It has been 117 years since the Philippines declared independence from Spain in 1898 after 300 years of living under Spanish rule. The day is marked by celebrations and parades among Filipino communities around the world, including in the U.S.
This year’s celebrations are expected to coincide with the release of a government-sponsored, three-part television documentary defending the country’s position against China expanding its territory in the South China Sea, according to GMA News and Public Affairs. China has recently laid claim to nearly the entire South China Sea, including its shipping lanes.
“Our objective is to inform our people,” Foreign Affairs spokesman Charles Jose said in a statement. He added that the documentary was meant to “raise awareness” on the South China Sea dispute and to “rally support of our people behind our Philippine government’s policy and action.”
Here are five surprising facts about the history of Philippine Independence Day, honored every year on June 12.
1. Filipino priests started the opposition. The priests resented Spain’s domination of the island nation’s Roman Catholic churches, according to History.com. The country’s intellectual and religious leaders began meeting in the late 19th century to discuss declaring independence.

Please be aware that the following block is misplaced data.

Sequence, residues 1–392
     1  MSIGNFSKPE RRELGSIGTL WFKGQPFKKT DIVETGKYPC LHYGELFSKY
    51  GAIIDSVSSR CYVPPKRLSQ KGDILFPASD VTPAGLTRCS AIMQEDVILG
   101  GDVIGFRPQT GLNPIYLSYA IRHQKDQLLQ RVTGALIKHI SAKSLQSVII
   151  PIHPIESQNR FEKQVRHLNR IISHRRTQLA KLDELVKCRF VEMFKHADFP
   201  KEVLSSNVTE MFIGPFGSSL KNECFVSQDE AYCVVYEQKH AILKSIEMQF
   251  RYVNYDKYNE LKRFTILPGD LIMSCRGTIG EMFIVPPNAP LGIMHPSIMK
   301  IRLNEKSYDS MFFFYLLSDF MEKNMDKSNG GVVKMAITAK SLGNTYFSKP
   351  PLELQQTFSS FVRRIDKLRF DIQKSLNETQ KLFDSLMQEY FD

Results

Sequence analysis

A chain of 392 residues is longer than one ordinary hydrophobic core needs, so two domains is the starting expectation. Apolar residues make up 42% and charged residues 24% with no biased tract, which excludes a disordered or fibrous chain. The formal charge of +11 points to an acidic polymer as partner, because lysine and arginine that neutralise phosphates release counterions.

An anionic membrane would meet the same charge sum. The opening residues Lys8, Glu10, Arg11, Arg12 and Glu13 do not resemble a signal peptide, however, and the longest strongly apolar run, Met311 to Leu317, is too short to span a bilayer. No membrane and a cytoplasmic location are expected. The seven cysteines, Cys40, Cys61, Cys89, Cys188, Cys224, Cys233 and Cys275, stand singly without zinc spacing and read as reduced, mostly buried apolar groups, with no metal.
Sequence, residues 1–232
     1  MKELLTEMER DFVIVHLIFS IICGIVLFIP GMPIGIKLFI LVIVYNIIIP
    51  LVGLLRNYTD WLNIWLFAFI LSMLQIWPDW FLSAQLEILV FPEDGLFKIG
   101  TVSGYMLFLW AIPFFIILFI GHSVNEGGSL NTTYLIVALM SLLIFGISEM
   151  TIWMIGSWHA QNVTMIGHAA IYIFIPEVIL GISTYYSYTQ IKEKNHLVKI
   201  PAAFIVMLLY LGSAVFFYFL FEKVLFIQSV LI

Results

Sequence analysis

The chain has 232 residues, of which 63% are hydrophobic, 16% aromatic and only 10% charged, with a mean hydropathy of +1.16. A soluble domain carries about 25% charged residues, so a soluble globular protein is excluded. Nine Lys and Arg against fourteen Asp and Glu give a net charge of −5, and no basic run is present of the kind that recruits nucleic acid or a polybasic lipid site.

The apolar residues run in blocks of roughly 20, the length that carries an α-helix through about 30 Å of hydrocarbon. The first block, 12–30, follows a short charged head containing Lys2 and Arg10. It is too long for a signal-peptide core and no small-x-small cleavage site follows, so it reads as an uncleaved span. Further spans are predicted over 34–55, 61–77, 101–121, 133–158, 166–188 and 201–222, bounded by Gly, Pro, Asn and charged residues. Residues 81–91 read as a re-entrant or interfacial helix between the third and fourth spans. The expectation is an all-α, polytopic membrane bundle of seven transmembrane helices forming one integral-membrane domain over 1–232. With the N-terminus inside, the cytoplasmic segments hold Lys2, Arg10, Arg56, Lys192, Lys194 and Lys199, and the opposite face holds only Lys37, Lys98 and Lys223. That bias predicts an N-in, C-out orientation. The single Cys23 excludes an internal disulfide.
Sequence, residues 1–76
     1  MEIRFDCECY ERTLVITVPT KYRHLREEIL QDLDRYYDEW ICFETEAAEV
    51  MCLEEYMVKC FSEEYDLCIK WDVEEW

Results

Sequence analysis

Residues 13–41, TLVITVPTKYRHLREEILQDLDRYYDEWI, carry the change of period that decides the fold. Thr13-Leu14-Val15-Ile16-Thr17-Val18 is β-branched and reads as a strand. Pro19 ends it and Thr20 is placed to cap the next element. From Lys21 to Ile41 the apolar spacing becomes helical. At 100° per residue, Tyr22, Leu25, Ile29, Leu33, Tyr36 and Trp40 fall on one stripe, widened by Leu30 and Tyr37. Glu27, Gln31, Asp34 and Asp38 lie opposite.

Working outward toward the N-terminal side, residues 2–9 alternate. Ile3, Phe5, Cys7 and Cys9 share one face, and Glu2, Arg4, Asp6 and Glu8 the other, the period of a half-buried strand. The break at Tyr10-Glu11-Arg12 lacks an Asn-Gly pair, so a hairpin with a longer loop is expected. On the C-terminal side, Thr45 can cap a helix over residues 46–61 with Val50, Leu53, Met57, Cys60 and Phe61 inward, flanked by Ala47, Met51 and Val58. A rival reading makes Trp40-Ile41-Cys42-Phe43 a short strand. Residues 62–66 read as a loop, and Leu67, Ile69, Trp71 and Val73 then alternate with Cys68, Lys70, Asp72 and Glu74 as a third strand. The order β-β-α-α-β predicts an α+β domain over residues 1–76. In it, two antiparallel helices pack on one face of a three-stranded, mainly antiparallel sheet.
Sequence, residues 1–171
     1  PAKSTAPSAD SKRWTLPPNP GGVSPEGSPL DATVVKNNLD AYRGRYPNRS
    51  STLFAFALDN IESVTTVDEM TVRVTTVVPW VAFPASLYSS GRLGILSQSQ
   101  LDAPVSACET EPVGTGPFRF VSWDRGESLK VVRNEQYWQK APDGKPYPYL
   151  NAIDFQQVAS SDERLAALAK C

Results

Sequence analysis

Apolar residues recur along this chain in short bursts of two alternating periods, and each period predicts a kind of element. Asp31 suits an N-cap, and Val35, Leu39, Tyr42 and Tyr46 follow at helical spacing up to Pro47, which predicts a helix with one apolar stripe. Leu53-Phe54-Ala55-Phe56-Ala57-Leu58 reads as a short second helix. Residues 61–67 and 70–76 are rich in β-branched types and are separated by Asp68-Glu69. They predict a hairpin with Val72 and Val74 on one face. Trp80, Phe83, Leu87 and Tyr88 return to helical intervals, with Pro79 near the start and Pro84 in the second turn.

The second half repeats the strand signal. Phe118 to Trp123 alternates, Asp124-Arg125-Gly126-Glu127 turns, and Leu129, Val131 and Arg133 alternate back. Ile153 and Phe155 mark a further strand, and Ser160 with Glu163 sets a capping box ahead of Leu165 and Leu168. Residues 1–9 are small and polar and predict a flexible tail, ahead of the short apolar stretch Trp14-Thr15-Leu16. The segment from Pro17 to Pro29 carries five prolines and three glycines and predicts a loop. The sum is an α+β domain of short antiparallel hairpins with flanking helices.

2. A secret society of revolutionaries was formed in 1892 in Manila. Its numbers grew tremendously and the society’s plans for rebellion were soon discovered by the Spanish. The uncovering forced the revolutionaries to act sooner than they had wanted.
3. Emilio Aguinaldo became the leader of the rebellion. He had joined the secret society in 1894 at the age of 25. He became the country’s first president from 1899 to 1901.
4. The National Flag of the Philippines that was unfurled on June 12, 1898 was made in Hong Kong. It was conceptualized while Aguinaldo was in exile in Hong Kong in 1897.
5. The declaration was not recognized by the U.S. or Spain. In fact, following the declaration, Spain ceded the Philippines to the U.S. in the 1898 Treaty of Paris. The treaty put an end to the Spanish-American War.